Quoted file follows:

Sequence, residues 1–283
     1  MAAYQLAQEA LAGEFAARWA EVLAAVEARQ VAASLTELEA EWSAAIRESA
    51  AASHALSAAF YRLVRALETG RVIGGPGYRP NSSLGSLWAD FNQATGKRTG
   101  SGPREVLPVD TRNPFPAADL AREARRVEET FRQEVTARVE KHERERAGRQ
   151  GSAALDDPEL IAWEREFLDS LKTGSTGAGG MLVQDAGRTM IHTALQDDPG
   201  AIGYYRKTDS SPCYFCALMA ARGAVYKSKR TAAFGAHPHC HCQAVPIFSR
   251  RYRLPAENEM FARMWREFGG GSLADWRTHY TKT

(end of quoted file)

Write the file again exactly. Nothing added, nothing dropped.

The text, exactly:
Sequence, residues 1–283
     1  MAAYQLAQEA LAGEFAARWA EVLAAVEARQ VAASLTELEA EWSAAIRESA
    51  AASHALSAAF YRLVRALETG RVIGGPGYRP NSSLGSLWAD FNQATGKRTG
   101  SGPREVLPVD TRNPFPAADL AREARRVEET FRQEVTARVE KHERERAGRQ
   151  GSAALDDPEL IAWEREFLDS LKTGSTGAGG MLVQDAGRTM IHTALQDDPG
   201  AIGYYRKTDS SPCYFCALMA ARGAVYKSKR TAAFGAHPHC HCQAVPIFSR
   251  RYRLPAENEM FARMWREFGG GSLADWRTHY TKT